Katakana writing: SHI N SO TSU

I can deal with シ ン ソ ツ in a computer font but I want to be able to write them by hand too. and i am having a hard time getting it to a point that I am satsfied that I can keep everything distinct. here is the article I reference in the below image: https://www.livinglanguage.com/blog/2017/10/10/how-to-write-katakana-シ-ツ-ソ-ン/


One thing for distinguishing シ and ツ is that the strokes follow the general path of し (top left, to bottom left, to right) and つ (top left, to top right, to bottom left).



Sorry, bad joke. The site you linked, that’s the correct stroke order. As you’ve already noticed, シ and ン are more horizontal while ツ and ソ is more vertical. シ basically has an extra “dot” on ン while ツ has an extra “dot” on ソ.

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Aye, that’s the mnemonic I was taught.

In addition, ソ resembles the start of そ1 (stroke down, curve down), while ン resembles the end of ん (stroke across, curve up).

When I first saw this topic, I thought you were trying to write an actual word, like 新卒…

1 Well… the handwritten version, rather:

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I guess ノ isn’t quite as confusing with the others but it does look good in the mix





I’m proud to have advanced in Japanese enough that I don’t see them all as smiley faces! :mortar_board: :full_moon_with_face:


I’ve seen ン stylized as in the picture below sometimes.


Don’t think that much about the angles and vertical vs horizontal thing; actually all that is just a byproduct of the real difference between them: the stroke order.

Try writing them fast (or even, without taking the pen off the paper), and you will see that, naturally, the stroke order will lead to those shapes.


I can’t take a picture of my own handwritting right now; but found this image (here)

You can see, particularly for シ and ツ how the fast writing connecting the strokes lead to a given shape (slant, shape of the beginning and end of the big last stroke, etc)

EDIT2: I even learned here that the katakana and hiragana for those actually came from the same kanji! (「之」for「シ・し」and 「川」for「ツ・つ」); look at the pink background box at that page…


I always think of シ being a person falling going “SHI-” before hitting the ground.

I think of ン being a person falling with one arm out going "nnnnnnnnn! " as they fall (they hit the ground before “o” comes out).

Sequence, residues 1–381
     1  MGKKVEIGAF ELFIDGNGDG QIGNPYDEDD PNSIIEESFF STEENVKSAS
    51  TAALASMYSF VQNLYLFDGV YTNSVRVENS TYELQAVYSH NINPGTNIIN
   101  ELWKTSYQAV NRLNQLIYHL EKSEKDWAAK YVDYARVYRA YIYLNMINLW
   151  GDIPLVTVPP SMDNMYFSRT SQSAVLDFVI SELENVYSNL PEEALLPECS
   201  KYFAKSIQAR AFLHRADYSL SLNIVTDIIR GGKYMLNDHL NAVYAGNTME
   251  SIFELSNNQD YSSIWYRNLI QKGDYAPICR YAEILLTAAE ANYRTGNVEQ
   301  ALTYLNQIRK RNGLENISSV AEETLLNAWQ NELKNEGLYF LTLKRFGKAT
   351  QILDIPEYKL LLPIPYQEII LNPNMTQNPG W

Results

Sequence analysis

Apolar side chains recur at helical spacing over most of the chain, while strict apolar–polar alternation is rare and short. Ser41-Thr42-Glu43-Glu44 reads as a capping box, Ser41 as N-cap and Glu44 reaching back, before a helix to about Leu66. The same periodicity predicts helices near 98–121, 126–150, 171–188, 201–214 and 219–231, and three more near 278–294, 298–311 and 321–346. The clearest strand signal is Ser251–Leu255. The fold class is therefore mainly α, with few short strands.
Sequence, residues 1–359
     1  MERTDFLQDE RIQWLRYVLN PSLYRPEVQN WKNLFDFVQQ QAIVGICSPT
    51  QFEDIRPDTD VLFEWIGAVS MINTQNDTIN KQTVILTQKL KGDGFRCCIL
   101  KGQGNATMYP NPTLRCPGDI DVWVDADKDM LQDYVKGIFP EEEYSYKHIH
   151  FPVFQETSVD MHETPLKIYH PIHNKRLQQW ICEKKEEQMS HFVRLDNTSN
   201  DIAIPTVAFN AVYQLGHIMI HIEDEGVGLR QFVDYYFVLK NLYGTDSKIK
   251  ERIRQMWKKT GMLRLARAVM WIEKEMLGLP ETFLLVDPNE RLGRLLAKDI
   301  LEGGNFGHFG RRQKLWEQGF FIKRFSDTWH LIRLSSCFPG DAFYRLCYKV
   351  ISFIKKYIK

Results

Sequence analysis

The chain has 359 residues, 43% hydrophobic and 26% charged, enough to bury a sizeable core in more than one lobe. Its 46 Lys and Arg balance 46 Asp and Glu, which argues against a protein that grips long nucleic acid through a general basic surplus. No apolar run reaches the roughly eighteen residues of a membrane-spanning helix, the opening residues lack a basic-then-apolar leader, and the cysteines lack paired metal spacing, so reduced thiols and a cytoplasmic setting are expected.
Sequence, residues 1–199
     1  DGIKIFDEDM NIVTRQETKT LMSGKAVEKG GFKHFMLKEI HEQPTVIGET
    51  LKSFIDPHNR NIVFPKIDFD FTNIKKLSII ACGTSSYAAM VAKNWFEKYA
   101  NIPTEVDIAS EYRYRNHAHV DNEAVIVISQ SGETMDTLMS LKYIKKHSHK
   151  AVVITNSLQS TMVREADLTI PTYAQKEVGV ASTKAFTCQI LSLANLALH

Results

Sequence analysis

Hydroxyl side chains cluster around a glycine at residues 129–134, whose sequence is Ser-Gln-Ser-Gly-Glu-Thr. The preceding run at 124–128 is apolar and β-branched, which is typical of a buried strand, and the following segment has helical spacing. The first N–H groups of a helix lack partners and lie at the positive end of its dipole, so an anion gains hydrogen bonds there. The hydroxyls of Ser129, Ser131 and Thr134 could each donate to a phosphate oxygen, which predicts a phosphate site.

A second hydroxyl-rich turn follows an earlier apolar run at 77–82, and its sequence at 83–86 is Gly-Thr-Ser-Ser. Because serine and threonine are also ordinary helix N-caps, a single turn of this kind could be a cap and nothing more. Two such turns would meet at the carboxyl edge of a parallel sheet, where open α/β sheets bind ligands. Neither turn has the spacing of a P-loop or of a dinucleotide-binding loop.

I think of ソ as a person doing a fist pump. “SO what that you are falling? I don’t care”

I think if ツ as a person dancing. “Yeah, I pushed you. I pushed you. You can’t tsu me!” they exclaim while dancing


i love how you think


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Ah yes, the slash-n-dashes. My husband has earned a nickname because I got two of those mixed up!

Gonna add on that it’s the same for そ and ソ: they both came from 曾. (PS: if you’re using a Chinese font for the kanji, note that in Japanese, the bit below the two dots should be more like 田.) そ represents the two dots, followed by a line for the box in the centre, and finally by a little curl for the box at the bottom. ソ is just the two dots.

I can’t really share how I learnt to differentiate everything because I learnt the kana by learning their source kanji. I learnt Chinese while growing up and I’ve studied calligraphy, so stroke order has always been important to me. Here’s a possible mnemonic though:

You’ll notice that the final stroke for シ and ン (the first two) is an upward stroke that’s relatively straight and quite sharp at the end. What’s straight and sharp? A sword, right? What’s the sound a sword makes when it’s pulled out of its scabbard? I’ll quote masaru_nishiuchhi’s answer on HiNative: 「シュイーーーーン」. That’s basically SHI-----N. IDK, imagine a katana being drawn by a right-hander and being used to cut immediately as it comes out of its scabbard. That’s the way the cut will look: a diagonal cut from bottom left to top right. It’s easier to imagine if you watch some iaido videos. (I’m no expert though, so forgive me if I’m wrong about how the katana is drawn.)